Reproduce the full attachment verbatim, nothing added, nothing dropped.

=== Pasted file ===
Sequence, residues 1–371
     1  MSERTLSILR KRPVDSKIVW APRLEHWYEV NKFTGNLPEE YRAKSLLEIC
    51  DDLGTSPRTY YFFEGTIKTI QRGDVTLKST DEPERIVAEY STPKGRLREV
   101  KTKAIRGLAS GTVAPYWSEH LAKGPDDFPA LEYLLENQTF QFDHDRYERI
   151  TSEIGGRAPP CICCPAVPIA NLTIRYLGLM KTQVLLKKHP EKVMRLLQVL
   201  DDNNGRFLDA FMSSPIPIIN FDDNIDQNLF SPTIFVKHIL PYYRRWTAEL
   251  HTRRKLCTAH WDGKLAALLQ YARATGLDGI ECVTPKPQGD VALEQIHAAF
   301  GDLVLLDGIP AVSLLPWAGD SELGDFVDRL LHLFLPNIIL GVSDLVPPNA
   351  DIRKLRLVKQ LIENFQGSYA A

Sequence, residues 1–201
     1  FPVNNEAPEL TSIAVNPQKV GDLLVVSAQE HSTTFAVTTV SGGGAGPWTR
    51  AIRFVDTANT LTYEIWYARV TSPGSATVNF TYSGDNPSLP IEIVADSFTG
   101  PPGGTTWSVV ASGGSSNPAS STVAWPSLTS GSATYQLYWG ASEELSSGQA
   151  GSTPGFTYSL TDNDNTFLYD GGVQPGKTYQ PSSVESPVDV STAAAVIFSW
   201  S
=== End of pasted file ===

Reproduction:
Sequence, residues 1–371
     1  MSERTLSILR KRPVDSKIVW APRLEHWYEV NKFTGNLPEE YRAKSLLEIC
    51  DDLGTSPRTY YFFEGTIKTI QRGDVTLKST DEPERIVAEY STPKGRLREV
   101  KTKAIRGLAS GTVAPYWSEH LAKGPDDFPA LEYLLENQTF QFDHDRYERI
   151  TSEIGGRAPP CICCPAVPIA NLTIRYLGLM KTQVLLKKHP EKVMRLLQVL
   201  DDNNGRFLDA FMSSPIPIIN FDDNIDQNLF SPTIFVKHIL PYYRRWTAEL
   251  HTRRKLCTAH WDGKLAALLQ YARATGLDGI ECVTPKPQGD VALEQIHAAF
   301  GDLVLLDGIP AVSLLPWAGD SELGDFVDRL LHLFLPNIIL GVSDLVPPNA
   351  DIRKLRLVKQ LIENFQGSYA A

Sequence, residues 1–201
     1  FPVNNEAPEL TSIAVNPQKV GDLLVVSAQE HSTTFAVTTV SGGGAGPWTR
    51  AIRFVDTANT LTYEIWYARV TSPGSATVNF TYSGDNPSLP IEIVADSFTG
   101  PPGGTTWSVV ASGGSSNPAS STVAWPSLTS GSATYQLYWG ASEELSSGQA
   151  GSTPGFTYSL TDNDNTFLYD GGVQPGKTYQ PSSVESPVDV STAAAVIFSW
   201  S